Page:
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Fujitsu cuts half of UK-based Oracle practice team

Fujitsu is reducing staffing levels at its UK Oracle Practice in a move cited as ensuring its competitiveness

Fujitsu is making job cuts in its UK-based Oracle Practice as the company attempts to reduce costs and increase competitiveness amid the fallout of the Post Office scandal it played a part in.

The move comes after the Japanese IT giant told UK staff in April that about 100 sales, pre-sales and logistics jobs were to be cut, as the UK business outlook declined.

About 60 jobs – over half the current Oracle Practice team – will go, but Fujitsu said the delivery of Oracle services to UK customers would not be affected.

“As part of ongoing activity to ensure its competitive positioning, Fujitsu can confirm the intent to reduce its UK-located Oracle Practice by approximately 60 roles,” said the IT firm.

“A consultation process will run over the coming months for employees impacted by this change, with redeployment of colleagues as appropriate,” it added.

Fujitsu said it remains committed to the Oracle services market in the UK.

The latest announcement follows the news in April that Fujitsu was cutting about 100 jobs in the UK as the fallout from its central role in the Post Office scandal hit its sales pipeline. The IT supplier has put nearly 70 members of staff at risk of redundancy and about 30 are leaving. Sales, pre-sales and logistics jobs are affected.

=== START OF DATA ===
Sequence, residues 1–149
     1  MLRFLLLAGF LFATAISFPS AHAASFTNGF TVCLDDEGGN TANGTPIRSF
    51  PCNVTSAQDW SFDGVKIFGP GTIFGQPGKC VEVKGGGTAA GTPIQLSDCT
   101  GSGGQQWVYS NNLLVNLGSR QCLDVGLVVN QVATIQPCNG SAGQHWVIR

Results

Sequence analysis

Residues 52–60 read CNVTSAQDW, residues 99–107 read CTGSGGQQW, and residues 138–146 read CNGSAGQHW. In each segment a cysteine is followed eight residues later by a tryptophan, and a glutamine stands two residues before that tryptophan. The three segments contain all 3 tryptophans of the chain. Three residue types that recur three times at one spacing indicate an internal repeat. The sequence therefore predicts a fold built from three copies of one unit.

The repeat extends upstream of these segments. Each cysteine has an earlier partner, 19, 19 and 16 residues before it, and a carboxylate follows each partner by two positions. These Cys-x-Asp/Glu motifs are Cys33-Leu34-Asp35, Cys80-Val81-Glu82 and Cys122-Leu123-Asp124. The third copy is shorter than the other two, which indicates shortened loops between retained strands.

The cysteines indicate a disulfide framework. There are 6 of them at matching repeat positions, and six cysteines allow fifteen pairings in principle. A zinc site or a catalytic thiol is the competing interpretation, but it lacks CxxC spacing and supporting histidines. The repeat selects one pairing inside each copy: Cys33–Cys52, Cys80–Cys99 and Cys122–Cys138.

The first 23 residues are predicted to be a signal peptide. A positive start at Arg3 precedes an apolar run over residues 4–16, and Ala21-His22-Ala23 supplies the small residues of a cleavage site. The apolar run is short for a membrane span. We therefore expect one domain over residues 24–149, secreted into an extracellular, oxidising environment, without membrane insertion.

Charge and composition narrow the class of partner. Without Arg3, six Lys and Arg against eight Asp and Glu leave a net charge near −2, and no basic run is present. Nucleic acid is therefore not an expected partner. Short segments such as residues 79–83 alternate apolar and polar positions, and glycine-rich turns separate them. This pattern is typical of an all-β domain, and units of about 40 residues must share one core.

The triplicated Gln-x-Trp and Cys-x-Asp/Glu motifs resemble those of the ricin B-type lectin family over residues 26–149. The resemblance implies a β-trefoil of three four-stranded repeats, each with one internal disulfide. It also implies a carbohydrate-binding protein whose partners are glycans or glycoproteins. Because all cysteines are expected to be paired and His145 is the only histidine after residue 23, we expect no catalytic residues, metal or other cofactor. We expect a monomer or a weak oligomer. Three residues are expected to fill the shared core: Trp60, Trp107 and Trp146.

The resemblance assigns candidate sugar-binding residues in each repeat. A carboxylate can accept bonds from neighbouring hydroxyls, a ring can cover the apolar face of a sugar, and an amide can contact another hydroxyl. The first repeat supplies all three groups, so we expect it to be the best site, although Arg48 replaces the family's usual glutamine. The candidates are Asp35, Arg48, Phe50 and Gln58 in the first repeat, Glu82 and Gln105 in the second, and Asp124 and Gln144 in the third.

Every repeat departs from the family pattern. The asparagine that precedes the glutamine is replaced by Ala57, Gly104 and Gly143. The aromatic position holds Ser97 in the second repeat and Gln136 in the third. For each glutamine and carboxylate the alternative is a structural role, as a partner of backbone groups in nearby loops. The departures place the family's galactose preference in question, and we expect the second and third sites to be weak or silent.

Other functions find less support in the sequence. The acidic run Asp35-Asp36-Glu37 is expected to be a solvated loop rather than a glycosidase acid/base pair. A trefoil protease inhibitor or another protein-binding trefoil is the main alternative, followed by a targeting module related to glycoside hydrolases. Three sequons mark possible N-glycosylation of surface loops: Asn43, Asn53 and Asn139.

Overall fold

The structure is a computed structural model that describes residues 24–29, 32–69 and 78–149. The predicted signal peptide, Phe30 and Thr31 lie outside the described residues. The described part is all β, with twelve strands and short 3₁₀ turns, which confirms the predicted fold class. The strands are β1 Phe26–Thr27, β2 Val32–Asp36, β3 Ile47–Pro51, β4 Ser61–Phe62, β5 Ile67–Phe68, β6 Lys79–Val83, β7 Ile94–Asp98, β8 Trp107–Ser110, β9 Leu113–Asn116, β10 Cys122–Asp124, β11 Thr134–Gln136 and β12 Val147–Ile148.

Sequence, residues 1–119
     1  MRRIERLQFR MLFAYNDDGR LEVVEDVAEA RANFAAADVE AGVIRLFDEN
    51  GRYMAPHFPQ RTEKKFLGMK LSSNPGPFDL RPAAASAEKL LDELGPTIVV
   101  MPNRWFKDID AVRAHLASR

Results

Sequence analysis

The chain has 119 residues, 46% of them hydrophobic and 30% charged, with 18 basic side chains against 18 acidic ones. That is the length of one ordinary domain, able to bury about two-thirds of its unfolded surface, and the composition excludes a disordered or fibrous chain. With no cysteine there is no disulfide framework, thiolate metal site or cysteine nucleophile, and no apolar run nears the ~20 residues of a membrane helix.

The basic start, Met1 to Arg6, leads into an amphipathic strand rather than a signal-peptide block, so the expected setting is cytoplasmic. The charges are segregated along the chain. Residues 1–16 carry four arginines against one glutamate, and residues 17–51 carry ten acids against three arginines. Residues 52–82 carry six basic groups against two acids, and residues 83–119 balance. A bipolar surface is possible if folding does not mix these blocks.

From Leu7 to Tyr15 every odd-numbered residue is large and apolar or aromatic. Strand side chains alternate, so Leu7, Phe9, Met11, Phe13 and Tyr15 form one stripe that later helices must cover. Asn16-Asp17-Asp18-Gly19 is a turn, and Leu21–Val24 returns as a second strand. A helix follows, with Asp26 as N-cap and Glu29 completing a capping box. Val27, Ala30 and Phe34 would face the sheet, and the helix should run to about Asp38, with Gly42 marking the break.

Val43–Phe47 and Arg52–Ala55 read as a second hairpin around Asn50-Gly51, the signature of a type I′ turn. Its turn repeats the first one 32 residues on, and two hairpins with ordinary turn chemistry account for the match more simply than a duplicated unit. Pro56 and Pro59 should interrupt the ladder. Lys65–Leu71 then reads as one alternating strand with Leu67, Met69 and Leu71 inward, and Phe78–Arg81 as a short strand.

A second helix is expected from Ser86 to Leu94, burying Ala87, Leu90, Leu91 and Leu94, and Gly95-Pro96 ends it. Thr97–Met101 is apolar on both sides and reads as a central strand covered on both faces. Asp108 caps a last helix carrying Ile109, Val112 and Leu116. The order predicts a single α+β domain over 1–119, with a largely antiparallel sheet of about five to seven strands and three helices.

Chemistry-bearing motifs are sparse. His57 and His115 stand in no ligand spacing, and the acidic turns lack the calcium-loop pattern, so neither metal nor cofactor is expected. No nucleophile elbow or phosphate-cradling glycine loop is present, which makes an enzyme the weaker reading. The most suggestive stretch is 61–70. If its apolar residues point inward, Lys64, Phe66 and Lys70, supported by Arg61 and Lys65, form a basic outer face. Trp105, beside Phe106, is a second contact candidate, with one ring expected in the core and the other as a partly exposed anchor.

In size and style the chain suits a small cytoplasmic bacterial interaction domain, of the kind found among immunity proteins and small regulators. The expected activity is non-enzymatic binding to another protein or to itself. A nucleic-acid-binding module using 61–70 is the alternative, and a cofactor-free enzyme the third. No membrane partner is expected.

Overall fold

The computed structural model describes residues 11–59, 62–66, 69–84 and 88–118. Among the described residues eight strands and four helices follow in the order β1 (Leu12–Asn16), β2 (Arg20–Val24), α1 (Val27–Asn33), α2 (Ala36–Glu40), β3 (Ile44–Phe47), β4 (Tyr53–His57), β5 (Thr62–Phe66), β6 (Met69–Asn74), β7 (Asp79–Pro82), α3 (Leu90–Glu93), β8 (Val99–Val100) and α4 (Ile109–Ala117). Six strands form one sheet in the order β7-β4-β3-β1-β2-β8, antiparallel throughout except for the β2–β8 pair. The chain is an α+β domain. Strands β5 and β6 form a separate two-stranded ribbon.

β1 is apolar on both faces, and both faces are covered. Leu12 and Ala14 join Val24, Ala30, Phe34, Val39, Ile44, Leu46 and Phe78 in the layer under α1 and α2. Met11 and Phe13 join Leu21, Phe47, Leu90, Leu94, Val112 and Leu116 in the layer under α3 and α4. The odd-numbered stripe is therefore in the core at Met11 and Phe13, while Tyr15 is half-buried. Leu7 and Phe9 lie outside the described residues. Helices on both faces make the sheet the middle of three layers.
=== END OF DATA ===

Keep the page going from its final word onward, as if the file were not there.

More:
A month earlier, Fujitsu told staff it would no longer seek new business in its Republic of Ireland operation, instead focusing on fulfilling existing contracts.

The company has come under heavy criticism and scrutiny in the UK after ITV’s dramatisation of the Post Office Horizon scandalMr Bates vs the Post Office, which aired at the beginning of the year.

Fujitsu has provided the Horizon software and support to the Post Office and subpostmasters since 1999. The software had major defects that caused accounting shortfalls, for which subpostmasters were blamed, with many wrongly prosecuted as a result. Fujitsu played a role in helping the Post Office hide knowledge of errors from subpostmasters, blaming the users instead.

Between 1999 and 2015, hundreds of subpostmasters and branch staff were wrongly prosecuted by the Post Office and convicted for accounting shortfalls, which were proved in the High Court in 2018/19 to have been caused by Horizon errors. Many more were financially ruined.

In January this year, Fujitsu’s European boss, Paul Patterson, promised to stop bidding for government work until after the completion of the statutory public inquiry into the Post Office scandal. 

There could be more financial challenges ahead in the UK, with MPs demanding that Fujitsu helps to cover the huge costs associated with the Horizon scandal – something that Patterson agreed Fujitsu was morally obligated to do.

One insider, who wished to remain anonymous, told Computer Weekly that morale is low in Fujitsu’s UK business.

The Post Office scandal was first exposed by Computer Weekly in 2009, revealing the stories of seven subpostmasters and the problems they suffered due to issues with the accounting software (see timeline of Computer Weekly articles about the scandal below). 

• Also read: What you need to know about the Horizon scandal

• Also watch: ITV’s documentary – Mr Bates vs The Post Office: The real story

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